Data shows that asking rents are rising… Is that just crazy?
It seems there’s a bit of positive movement on rental prices across the country.
That’s the view according to new data from rent.com.au
Rents for Brisbane house dipped by 2.2% in February, while Darwin and Canberra rents were up 2% and 1.8% respectively, according to new data.
The strongest-performing capital city was Hobart, where apartment median rents increased by 4.2% to $365/week, Rent.com.au reported.
Nationally, there was a 2.2% rise in apartment rents in February, which was driven upward by movement in rentals in Sydney (3.8%), Melbourne (2.3%), Adelaide (1.6%), Hobart (4.2%), Darwin (2.9%) and Canberra (3.3%).
Sydney remains the most expensive metro area for Australian house hunters with median apartment rents up 3.8% to $540/week and houses stable at $600/week.
Rent.com.au CEO Greg Bader explained:
“Some healthy leasing activity coming over from the January/February rush has increased demand, so renters will have needed to act fast to secure their rental of choice.
This is good news – it shows landlords are taking heed of advice from their property managers and rental data to price their properties competitively from the start.”
This will be welcome news for landlords across the country, but what does it mean for where we are at in the cycle?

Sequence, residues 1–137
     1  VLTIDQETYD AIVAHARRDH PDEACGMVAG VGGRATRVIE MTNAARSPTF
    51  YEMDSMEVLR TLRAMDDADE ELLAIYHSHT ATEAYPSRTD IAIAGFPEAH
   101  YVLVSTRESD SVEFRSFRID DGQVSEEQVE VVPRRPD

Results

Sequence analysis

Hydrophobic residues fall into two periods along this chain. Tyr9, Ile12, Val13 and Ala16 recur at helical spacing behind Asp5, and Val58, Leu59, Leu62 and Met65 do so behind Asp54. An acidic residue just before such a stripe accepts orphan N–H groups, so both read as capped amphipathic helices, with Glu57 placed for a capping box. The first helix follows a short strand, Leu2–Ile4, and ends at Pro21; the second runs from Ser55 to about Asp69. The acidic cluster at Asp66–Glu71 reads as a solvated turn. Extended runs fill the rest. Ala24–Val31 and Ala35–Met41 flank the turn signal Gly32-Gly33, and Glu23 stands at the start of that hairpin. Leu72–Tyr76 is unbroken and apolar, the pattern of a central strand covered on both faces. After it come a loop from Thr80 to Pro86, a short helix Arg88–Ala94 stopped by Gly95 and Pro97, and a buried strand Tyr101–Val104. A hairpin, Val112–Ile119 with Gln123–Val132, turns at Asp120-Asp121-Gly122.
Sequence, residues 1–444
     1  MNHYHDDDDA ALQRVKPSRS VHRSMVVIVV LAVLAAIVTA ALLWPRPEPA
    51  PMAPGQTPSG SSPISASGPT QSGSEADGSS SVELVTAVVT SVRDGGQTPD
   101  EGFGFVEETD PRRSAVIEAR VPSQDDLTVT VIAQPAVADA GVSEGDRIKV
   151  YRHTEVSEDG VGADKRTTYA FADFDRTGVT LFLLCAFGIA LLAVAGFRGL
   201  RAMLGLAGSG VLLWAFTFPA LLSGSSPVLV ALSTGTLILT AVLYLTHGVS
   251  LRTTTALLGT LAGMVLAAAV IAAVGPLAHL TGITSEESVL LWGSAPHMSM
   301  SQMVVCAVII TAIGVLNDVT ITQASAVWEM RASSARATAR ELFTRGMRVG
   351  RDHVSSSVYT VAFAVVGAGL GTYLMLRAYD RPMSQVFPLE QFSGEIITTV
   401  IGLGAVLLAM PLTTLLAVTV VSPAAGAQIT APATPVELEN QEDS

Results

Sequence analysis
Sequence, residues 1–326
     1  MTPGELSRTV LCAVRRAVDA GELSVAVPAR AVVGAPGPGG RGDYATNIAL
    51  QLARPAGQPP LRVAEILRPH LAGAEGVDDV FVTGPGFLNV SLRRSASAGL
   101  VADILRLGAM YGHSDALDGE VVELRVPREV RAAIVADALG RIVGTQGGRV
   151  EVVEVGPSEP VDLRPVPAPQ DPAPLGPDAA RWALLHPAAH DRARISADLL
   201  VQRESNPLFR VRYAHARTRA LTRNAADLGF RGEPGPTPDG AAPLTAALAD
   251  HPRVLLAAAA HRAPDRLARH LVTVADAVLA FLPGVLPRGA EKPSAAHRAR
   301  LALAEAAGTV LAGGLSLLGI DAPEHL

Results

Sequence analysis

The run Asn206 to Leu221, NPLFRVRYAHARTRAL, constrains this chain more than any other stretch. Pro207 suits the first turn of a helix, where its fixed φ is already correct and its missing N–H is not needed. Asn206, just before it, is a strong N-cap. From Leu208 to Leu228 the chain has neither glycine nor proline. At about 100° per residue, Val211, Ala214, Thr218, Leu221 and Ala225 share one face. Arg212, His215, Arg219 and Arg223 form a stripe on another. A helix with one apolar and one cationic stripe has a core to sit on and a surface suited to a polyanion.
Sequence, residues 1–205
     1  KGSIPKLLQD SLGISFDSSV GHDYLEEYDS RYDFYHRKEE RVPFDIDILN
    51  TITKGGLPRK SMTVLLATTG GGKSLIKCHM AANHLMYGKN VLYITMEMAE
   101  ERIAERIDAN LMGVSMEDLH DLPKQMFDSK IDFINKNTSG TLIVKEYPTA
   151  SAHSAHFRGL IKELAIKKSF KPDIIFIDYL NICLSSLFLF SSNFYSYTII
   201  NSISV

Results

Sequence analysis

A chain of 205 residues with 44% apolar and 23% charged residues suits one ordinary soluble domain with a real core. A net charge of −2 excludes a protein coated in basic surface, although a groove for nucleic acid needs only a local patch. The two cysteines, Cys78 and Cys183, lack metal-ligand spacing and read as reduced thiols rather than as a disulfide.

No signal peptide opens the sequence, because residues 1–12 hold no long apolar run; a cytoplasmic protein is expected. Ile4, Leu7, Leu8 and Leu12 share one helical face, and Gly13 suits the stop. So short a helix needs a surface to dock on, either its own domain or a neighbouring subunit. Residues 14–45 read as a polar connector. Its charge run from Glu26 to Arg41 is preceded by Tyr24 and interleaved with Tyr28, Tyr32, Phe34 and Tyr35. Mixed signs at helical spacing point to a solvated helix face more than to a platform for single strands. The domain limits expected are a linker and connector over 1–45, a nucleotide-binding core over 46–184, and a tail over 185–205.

Has the cycle bottomed already? Are we on the up and up from here?
The thing to note here is that rents and prices are interconnected, but that they can also march to the beat of their own drum.
I mean, take Darwin for example. A 3% increase in rents would be very surprising since prices are down over 5% this year following many months of declines.
But the thing to remember is that while increasing rents can drive higher prices (through increasing returns) the causality does not run the other way. Falling prices will not drive a fall in rents.
To understand this, it’s useful to put it into a supply and demand framework. For house prices, the price level is determined by supply (number of houses, stock on market) and demand (purchasers, purchaser incomes, credit). For rental prices, the price is determined by supply (number of rentals on the market), and demand (renters, renter incomes).
So there’s some common factors (housing stock), but there’s some important differences as well.
And when you look at the current downturn, it has almost been entirely driven by restrictions on credit.
Credit restrictions have almost no impact on the rental market. Renters aren’t going to the bank to finance their rent.
And that’s why, in a tight market, it’s entirely possible for prices to be consolidating, and for rents to be going up.
Of course, upward pressure in rents will eventually put upward pressure on prices, so that factor is at play as well. It’s just being swamped by the impact of the credit restrictions.
But to me it’s just one more sign on the robust health of the market underneath the impact of the current credit restrictions. And to me, it points to the quick rebound that may be possible once the restrictions have worked their way through the system.